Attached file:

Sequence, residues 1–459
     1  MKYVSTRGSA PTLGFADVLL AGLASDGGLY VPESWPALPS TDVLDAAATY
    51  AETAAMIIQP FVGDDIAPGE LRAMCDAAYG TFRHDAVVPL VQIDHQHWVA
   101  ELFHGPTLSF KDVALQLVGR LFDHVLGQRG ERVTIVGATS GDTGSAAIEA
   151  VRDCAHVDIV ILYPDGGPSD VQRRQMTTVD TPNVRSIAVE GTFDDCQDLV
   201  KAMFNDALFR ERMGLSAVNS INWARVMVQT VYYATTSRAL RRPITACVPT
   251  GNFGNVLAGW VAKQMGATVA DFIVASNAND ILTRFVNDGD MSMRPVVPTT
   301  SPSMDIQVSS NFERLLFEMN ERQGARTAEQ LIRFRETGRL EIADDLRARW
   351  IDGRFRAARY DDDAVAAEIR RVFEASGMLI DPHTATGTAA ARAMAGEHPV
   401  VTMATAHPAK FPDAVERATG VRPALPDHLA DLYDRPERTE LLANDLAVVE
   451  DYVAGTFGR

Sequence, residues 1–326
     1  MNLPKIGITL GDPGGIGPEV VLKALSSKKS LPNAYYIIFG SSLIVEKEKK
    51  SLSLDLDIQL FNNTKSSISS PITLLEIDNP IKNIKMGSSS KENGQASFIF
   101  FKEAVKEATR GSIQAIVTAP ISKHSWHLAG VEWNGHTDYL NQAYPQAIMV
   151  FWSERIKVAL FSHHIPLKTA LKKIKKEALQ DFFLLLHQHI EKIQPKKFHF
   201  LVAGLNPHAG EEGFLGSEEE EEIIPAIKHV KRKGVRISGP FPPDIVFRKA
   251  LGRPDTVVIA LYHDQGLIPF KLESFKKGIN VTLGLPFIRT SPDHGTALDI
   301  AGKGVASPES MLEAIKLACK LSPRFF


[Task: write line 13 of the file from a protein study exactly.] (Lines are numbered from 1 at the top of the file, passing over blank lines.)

     1  MNLPKIGITL GDPGGIGPEV VLKALSSKKS LPNAYYIIFG SSLIVEKEKK